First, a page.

Clause 100 - Duty to assume

Pensions Bill – in a Public Bill Committee at 3:15 pm on 25th March 2004.

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Question proposed, That the clause stand part of the Bill.

Photo of Malcolm Wicks Malcolm Wicks Minister for pensions, Department for Work and Pensions

It might be useful if I described, albeit briefly, the purpose of the clause. It provides the PPF with the power to assume responsibility for certain schemes where there has not been an insolvency event as defined by clause 95—for example, public sector schemes without a Crown guarantee and schemes with employers based overseas and subject to foreign insolvency proceedings. We are totally committed to providing protection for the members of such eligible schemes who will be liable to pay the PPF levy. We need to ensure that the legislation provides for eligible schemes whose sponsoring employers cannot meet the insolvency events test to enable them to benefit from PPF compensation. The clause makes provisions to protect their members, because we recognise that such schemes may also face risk in future.

Photo of George Osborne George Osborne Shadow Minister (Treasury)

The Minister mentioned in passing public sector schemes that did not have a Crown guarantee. Could he give the Committee some examples of such schemes? Presumably they will be paying the levy.

Photo of George Osborne George Osborne Shadow Minister (Treasury)

Given that they are public sector schemes, what would be the burden and will the costs of the levy be borne by the taxpayer?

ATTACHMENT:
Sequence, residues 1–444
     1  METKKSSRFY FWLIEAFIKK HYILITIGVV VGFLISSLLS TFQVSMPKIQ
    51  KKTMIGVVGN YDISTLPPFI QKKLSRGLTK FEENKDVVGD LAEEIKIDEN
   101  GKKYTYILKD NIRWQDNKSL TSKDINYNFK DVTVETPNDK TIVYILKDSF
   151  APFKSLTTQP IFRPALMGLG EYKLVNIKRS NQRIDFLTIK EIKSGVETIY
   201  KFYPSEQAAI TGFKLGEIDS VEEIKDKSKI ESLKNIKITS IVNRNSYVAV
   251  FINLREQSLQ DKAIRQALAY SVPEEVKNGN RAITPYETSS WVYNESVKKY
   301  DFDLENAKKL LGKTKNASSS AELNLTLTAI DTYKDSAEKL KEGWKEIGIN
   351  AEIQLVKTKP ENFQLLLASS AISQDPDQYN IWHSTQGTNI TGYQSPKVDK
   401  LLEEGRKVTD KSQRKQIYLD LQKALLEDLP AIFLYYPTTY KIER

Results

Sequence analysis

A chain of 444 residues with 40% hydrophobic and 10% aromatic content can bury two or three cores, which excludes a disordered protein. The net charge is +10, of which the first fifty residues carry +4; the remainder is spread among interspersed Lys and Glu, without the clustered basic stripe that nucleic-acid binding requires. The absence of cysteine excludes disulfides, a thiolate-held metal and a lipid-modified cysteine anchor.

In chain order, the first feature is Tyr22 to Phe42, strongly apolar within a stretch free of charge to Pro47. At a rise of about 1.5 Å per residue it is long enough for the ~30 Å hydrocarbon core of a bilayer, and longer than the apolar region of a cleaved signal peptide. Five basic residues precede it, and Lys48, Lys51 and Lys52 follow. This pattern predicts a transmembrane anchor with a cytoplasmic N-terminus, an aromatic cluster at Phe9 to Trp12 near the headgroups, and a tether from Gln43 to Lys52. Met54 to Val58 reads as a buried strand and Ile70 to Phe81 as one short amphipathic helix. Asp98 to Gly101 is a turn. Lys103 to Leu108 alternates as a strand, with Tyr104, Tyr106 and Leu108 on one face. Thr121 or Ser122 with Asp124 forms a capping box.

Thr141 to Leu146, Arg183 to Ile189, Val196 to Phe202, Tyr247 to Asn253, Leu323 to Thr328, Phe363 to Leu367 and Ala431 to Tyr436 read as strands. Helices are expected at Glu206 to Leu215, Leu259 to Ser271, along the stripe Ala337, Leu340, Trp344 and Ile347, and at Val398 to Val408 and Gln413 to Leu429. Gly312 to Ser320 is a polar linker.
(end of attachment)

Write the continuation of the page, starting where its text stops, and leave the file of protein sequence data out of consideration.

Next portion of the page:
Photo of Malcolm Wicks Malcolm Wicks Minister for pensions, Department for Work and Pensions

We are talking about prime examples of all non-departmental public bodies whose employers are not members of the civil service pension scheme. They will pay the levy and will be able to benefit from the PPF in such adverse circumstances.

Photo of Malcolm Wicks Malcolm Wicks Minister for pensions, Department for Work and Pensions

May I give some examples? I am talking about—[Interruption.] I did not hear that. No doubt the hon. Member for Eastbourne could stand up and say that. In giving examples, I do not want to frighten workers in those bodies by saying that they are on the verge of bankruptcy. Examples would include, inter alia, the Arts Council, the British Tourist Authority and the Medical Research Council.

Several hon. Members rose—

Photo of Mr James Cran Mr James Cran Conservative, Beverley and Holderness

Let us take a decision. Who are you giving way to, Mr. Wicks?

Photo of George Osborne George Osborne Shadow Minister (Treasury) 3:30 pm, 25th March 2004

There may be quite a large number of such bodies. We want to provide their scheme members with protection—I am not suggesting that we do not. However, I am not sure whether the Minister dealt with the second part of my intervention. Will the cost be borne by the taxpayer, presumably because most of these bodies receive grants from Whitehall Departments, or by the levies and charges on some of those bodies? Is there any idea of cost? I am not sure that I saw anything in the regulatory impact assessment about the ultimate cost to the taxpayer of what could be a significant bill if all the non-departmental public bodies were not paying this levy.

Photo of Malcolm Wicks Malcolm Wicks Minister for pensions, Department for Work and Pensions

From memory, after the initial year with the flat-rate levy, we are talking about £20 on average per scheme member. That is a general PPF estimate, without taking account of the risk-based levy. The amount of money would be of that order; I am not saying that it is insignificant, but it would not represent a significant burden on those bodies.